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The film industry is booming in Georgia, and Forsyth County wants more of the action.
No, there isn't a new Hollywood sign on Sawnee Mountain, but there has been more and more TV and movie productions in the area as part of the film industry's rapid growth in Georgia. (Staff illustration)

It’s no secret that filming for television and movies has grown explosively over the last few years, and now, it seems like Forsyth County’s own film industry is growing.

Michelle Daniels serves as director of tourism at the Cumming-Forsyth County Chamber of Commerce, and part of her duties include recruiting film to Forsyth County.

“We have so much to offer productions from access to Lake Lanier at Shady Grove Campground and Mary Alice Park – and a ton of great lake-access parks – to the gorgeous farms and barns such as The Reid Barn and Silver City Farms.”

Other popular locations include other county parks, Sawnee Mountain, Vickery Village, the Cumming Fairgrounds and the Forsyth County Courthouse, which Daniels said is open for filming during off hours and described as “unheard of.”

Daniels said there are no productions currently filming in town, but said she doesn’t expect the area to go too long with someone filming.

“We have several major productions currently scouting various locations in the county, which is incredibly exciting as we have not had so much interest in our area in recent years,” she said. “I suspect the fall and winter of 2018 will experience a huge increase in filming in our community.”

Several productions have made Forsyth County their home.

From fall of last year until early spring, the Netflix series Ozark filmed in the county and since 2012, films and TV shows including Vampire Diaries, Goosebumps, Love & Hip Hop, Fast and Furious 8, Game Night, AMC’s Halt & Catch Fire and HGTV’s Bargain Hunters all filmed locally.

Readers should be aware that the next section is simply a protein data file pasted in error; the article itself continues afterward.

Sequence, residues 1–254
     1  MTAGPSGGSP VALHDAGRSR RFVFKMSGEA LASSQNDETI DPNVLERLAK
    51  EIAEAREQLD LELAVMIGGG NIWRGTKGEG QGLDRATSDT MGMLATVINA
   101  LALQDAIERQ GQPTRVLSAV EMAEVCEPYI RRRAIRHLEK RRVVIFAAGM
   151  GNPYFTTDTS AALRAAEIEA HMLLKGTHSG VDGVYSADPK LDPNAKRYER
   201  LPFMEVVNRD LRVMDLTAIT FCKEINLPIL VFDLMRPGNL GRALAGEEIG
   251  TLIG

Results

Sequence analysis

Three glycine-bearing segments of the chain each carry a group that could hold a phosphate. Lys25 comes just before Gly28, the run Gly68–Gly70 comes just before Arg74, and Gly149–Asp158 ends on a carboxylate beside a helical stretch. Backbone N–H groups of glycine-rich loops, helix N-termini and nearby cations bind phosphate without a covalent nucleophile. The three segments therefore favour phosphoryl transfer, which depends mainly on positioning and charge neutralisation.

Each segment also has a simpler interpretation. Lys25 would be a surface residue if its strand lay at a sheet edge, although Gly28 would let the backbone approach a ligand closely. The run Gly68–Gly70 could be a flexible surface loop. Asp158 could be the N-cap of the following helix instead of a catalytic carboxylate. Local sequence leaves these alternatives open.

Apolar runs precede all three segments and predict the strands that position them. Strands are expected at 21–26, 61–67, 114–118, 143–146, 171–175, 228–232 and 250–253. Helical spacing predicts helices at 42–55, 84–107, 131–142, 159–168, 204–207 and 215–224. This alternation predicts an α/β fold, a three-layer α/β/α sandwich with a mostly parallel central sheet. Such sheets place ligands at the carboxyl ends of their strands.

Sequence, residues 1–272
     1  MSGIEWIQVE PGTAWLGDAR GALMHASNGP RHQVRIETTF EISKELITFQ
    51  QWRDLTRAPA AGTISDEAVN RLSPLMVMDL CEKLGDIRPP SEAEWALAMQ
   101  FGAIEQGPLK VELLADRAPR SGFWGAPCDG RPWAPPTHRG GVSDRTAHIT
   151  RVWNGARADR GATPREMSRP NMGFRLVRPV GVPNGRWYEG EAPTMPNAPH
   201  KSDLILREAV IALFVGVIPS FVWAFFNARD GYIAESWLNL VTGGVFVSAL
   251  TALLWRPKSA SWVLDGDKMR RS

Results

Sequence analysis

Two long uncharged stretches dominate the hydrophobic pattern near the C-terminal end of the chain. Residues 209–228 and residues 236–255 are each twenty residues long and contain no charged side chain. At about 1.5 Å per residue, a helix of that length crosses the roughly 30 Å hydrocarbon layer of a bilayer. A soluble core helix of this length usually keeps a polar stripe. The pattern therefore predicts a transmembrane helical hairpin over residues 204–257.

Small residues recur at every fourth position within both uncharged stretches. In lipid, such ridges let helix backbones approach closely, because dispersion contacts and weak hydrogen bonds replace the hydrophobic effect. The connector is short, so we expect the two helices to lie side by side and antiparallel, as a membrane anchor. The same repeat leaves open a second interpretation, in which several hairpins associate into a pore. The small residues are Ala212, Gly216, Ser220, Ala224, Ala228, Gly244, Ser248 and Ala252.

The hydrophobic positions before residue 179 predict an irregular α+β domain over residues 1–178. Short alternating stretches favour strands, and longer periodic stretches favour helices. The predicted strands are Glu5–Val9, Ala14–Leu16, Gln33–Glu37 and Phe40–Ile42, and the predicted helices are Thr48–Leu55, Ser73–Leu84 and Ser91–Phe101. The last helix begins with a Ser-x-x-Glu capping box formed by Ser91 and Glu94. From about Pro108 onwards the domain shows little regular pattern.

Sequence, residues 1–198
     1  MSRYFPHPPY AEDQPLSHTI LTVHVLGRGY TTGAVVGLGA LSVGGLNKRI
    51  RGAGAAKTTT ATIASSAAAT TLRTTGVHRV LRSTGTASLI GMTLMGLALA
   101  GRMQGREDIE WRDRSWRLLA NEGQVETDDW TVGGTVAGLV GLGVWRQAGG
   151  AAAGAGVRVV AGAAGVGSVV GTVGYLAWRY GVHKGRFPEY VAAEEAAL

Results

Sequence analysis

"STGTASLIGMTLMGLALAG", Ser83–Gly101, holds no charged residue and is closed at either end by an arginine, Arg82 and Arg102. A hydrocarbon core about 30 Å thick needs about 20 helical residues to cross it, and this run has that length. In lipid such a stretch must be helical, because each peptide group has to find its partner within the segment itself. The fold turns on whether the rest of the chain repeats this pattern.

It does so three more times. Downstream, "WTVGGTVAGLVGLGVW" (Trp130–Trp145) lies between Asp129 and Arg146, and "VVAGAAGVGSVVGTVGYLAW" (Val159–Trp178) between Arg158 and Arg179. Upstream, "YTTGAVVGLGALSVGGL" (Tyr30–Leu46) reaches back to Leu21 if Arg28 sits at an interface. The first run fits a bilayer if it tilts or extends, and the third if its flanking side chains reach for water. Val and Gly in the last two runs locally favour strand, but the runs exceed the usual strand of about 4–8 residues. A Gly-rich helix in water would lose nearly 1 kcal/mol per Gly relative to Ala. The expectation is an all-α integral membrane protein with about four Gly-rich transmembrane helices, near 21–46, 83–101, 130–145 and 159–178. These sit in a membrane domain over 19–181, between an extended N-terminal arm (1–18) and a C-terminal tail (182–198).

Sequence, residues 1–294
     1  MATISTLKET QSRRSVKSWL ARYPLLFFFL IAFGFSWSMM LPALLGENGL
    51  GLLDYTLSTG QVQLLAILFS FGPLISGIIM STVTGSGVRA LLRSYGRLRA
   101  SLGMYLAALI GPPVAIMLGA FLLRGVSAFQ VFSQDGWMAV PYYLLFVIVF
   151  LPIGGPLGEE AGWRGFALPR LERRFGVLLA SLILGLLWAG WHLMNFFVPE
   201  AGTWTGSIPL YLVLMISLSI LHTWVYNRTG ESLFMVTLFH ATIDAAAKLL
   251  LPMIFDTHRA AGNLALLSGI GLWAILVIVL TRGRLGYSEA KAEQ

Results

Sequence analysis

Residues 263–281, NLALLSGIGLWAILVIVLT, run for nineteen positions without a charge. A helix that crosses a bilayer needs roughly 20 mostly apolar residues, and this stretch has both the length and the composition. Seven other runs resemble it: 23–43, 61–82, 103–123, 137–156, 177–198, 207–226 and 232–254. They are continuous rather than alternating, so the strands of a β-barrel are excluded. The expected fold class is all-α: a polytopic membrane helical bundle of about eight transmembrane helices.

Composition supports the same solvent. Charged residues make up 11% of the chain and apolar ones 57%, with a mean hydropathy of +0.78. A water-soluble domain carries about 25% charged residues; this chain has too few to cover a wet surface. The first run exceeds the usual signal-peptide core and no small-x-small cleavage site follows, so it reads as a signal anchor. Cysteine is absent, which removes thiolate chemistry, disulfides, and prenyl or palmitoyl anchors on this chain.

Perhaps the film with the most local lore is Smokey and the Bandit, a portion of which was filmed on Forsyth County’s Ga. 400 between Exits 12 and 14.

Daniels said the county has received a 367 percent growth in interest in filming after the chamber launched Film Forsyth, a push from the tourism industry letting producers know that the county is film-ready and what else the area offers.

Recently, the chamber hosted a tour to show locations around the county.

Daniels said the tour was even attended by Forsyth County Sheriff Ron Freeman and credited partnerships in the county for making Forsyth a more popular location.

“We have film-friendly hospitality that is unmatched in the state as we have worked hard to create easy permitting approval and facilitated a process to host productions seamlessly and safely without hindering the local community,” she said. “The leaders of the City of Cumming and Forsyth County government have been amazing partners for the chamber’s Film Forsyth initiative and together we are excited to share with the film industry the amazing resources we have to offer.”

Film isn’t the only industry to benefit from more productions in Forsyth County, from private property and business owners who can lease their space for filming, constructions crews for sets, hotels, warehouse space, restaurants and rental cars.

“Hosting film productions can have a massive impact in the county,” Daniels said. “Filming is a temporary, non‐ polluting industry that offers high paying jobs and spends a good deal of money in the areas where shooting takes place.”

As director of tourism, Daniels said she is also aware the impact films can have on drawing other outsiders to the county “since many fans seek out the actual shooting locations and will spend money and time in those communities.”

“Thanks to DVD, cable television, the Internet and other distribution channels, movies and TV shows have long shelf lives after their initial release, meaning tourists could travel to our community for years to come,” she said.